I also believe that whenever people are in a position of power over other people, whether it’s physical, spiritual, financial, political or any other, there is the possibility for that power to be misused. And when that happens it is our job as human beings to stand up and say NO.

 

When SOME priests sexually abuse children we say NO.

When SOME teachers use physical punishment against children with disabilities we say NO.

And when SOME police officers consistently target people of color with the use of excessive force we say NO.

 

Most importantly we stand with the people who are being targeted. We tell them, “We see you and we see what is happening.” We stand together and we say NO. Over and over we say it.

Write…again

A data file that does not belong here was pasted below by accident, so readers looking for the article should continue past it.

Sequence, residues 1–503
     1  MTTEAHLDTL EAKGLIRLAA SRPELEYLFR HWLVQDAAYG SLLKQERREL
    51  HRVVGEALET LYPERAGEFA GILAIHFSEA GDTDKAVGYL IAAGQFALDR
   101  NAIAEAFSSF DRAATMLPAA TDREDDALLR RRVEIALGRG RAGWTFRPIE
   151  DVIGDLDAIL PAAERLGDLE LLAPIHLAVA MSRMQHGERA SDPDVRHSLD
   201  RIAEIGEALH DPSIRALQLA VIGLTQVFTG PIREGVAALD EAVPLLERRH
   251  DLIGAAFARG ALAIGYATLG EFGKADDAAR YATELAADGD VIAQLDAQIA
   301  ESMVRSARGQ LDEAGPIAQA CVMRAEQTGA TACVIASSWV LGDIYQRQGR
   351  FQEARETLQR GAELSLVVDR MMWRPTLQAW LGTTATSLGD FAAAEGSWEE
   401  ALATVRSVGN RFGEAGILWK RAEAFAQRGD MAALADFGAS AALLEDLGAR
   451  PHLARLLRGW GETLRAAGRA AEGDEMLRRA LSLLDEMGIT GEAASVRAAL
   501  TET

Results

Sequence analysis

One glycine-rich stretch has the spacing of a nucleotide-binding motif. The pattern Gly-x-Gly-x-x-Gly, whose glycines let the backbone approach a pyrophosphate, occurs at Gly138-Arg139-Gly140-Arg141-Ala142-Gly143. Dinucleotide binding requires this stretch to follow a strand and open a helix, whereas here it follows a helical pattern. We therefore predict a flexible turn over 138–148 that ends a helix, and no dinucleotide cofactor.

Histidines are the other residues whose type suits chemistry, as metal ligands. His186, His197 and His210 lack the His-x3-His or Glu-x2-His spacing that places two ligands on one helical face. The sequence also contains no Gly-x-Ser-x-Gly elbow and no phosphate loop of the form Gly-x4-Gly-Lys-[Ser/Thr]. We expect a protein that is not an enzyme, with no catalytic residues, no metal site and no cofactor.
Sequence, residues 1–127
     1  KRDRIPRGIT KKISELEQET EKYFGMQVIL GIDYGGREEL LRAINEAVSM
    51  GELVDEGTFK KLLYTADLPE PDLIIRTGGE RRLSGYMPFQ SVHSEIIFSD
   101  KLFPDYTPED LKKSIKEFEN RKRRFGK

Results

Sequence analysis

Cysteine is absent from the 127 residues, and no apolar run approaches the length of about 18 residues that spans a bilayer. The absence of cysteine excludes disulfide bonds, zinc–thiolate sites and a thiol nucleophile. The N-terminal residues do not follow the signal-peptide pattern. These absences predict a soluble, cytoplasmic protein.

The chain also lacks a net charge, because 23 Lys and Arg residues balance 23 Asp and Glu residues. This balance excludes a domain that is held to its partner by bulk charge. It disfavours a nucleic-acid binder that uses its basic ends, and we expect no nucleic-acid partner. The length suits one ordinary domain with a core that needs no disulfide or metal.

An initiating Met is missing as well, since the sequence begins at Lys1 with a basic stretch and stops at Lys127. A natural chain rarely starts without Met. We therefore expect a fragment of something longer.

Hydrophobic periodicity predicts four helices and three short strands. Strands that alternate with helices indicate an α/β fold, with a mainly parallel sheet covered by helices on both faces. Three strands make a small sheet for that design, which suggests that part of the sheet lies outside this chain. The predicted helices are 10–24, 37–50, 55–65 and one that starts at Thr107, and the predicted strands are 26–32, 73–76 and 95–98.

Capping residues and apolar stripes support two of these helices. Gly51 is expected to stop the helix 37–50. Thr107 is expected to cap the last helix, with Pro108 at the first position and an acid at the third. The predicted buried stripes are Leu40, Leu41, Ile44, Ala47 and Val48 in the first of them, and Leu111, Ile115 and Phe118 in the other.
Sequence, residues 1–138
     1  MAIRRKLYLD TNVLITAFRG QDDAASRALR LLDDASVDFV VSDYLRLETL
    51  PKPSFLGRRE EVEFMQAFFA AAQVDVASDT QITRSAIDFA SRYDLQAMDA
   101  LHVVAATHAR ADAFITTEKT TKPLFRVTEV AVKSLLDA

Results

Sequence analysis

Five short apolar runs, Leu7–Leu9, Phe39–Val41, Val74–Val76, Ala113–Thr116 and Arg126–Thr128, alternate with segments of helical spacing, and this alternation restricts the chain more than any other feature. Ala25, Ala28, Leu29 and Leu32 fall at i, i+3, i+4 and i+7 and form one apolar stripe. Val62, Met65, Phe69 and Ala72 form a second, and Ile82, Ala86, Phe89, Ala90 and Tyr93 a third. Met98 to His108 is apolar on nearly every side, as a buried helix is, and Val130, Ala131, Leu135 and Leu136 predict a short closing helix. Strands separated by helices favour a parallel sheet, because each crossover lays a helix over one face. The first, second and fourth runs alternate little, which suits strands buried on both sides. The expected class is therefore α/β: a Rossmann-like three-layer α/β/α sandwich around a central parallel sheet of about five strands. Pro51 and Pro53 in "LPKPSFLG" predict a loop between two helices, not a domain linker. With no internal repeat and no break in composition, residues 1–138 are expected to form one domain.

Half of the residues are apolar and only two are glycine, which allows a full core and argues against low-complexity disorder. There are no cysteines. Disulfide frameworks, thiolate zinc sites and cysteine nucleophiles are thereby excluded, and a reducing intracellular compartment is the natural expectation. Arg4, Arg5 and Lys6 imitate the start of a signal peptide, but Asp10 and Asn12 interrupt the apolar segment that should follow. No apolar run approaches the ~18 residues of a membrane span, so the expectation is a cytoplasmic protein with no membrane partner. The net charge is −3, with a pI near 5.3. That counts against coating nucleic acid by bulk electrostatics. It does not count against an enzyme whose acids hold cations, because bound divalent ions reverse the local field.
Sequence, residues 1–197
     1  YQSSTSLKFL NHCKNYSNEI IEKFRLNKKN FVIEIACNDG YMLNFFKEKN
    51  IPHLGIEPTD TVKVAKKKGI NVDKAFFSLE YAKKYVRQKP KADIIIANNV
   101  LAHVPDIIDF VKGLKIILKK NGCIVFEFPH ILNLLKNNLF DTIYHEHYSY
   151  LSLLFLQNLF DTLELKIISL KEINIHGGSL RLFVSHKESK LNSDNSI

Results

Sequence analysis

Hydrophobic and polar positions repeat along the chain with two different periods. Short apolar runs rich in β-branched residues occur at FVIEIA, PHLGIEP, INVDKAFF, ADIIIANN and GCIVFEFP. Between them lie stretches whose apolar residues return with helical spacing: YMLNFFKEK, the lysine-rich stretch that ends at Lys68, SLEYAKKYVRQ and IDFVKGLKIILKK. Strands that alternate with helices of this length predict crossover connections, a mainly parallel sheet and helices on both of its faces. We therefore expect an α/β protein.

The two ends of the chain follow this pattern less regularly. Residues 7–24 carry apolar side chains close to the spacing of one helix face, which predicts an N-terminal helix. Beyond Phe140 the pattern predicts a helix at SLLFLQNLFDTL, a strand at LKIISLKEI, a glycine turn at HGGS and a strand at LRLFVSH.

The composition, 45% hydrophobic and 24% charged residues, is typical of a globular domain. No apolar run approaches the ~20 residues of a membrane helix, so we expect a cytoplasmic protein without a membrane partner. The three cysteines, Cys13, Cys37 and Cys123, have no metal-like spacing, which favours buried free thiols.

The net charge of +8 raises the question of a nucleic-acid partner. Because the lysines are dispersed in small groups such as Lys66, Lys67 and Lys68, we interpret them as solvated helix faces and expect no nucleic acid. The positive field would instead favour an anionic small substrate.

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Writing is hard

Bringing characters you love

Into the world and creating their story

And then sending them out into

The world to be judged

And when the feedback is

Tough it feels like

Sadness

And

Giving up

On the characters

And their story

And the kids who you

Pictured reading the story

And

Yourself

And then deciding

If you’re brave enough

To try again

And again

And again

Like your characters do

Like the kids who will read

Your story do

And you decide that you

Are

Brave enough

And begin to write

Again

 

Exit 21